Currently, the entire business model of private biobanking is different from the public one, as the former are usually for profit entities and the latter are usually non-profit. Profits in the private sector come not only from the selling of DNA tests in a business-to-consumer approach, but also in a selling of data to other businesses, in a business-to-business approach. However, this two-sided model approach is growing in popularity faster than the rules and regulations are being put in place to control such a phenomenon [5]. Indeed, 23andMe’s database has become one of the largest in the world, with estimates of hundreds of thousands of samples. This set-up makes possible exchanges that would not otherwise have occurred, creating value for both sides and bringing the economics closer to efficiency.
Indeed, through indirectly connecting research teams and population data, it is able to create a value that otherwise would be lost because of the inability of public databanks to directly access the data they need to conduct their research for multiple reasons, including falsehoods which have been become widespread and are difficult to debunk, such as the case of the database project in Iceland or the case of the Sardinian DNA database [11,12].
In the public sector, instead, the biobanks only seem to represent an expense in the health institutions’ budget. A shift from a donor-only perspective to a customer-donor perspective would certainly turn the situation around, allowing the public sector to not only significantly increase the number of donations and the quality of their databases, but also to generate revenue to sustain themselves through the selling of these services, and the possibility to employ pre-existing infrastructures to provide the goods in question. A service of this kind by a public provider would also circumvent the issue of data selling, which is usually is found in private-sector databases and is not perceived positively by the public. Participants in a 2019 research study conducted by Milne et al. about trust in genomic data sharing were more prone to trust their doctor and less likely to trust other named entities, with company researchers the least likely to be trusted [13]. Certainly, this attitude on the part of the public would be a competitive advantage in a scenario with public biobanks more actively pursuing samples.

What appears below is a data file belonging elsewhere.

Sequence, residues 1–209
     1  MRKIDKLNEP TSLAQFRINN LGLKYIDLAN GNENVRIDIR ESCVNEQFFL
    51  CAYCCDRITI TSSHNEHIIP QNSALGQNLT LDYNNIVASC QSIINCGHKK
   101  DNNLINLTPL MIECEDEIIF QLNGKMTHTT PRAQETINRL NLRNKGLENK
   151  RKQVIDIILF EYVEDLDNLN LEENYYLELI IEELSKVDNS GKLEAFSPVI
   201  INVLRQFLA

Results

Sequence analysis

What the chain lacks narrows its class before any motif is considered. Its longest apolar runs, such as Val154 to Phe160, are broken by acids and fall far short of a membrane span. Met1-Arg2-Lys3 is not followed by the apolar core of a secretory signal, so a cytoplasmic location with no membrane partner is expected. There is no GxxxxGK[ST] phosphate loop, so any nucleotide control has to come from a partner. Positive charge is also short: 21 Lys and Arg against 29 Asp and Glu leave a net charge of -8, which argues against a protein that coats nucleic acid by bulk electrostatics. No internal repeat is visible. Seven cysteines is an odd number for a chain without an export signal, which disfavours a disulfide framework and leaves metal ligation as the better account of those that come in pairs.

Moreover, when customers purchase a direct-to-consumer kit, they probably do not know that it will be used for research purposes and who will have access to their data, creating further ethical problems which are instead very important in the academic field and which have been at the center of a very heated debate [14].
Another very intriguing theme is that relating to the selection bias, as the clients donating to private biobanks are probably very different in baseline characteristics as compared to public databases. In this context, strategies should be sought to eliminate biases in the input elements of the creation and organization of a biobank, such as having the same type of basic information for all donors; asking donors for a minimum panel of biological matrices in order to have more uniform samples and thus avoid research waste; and improving the collaboration between public and private sectors, thus increasing the number of useful and suitable samples; implementing marketing and business approach studies on biobanks, both in the public and private sectors, to understand the different needs of donors and stakeholders and offer more targeted services, taking into account both the different needs of involved parties and the need to have good quality samples.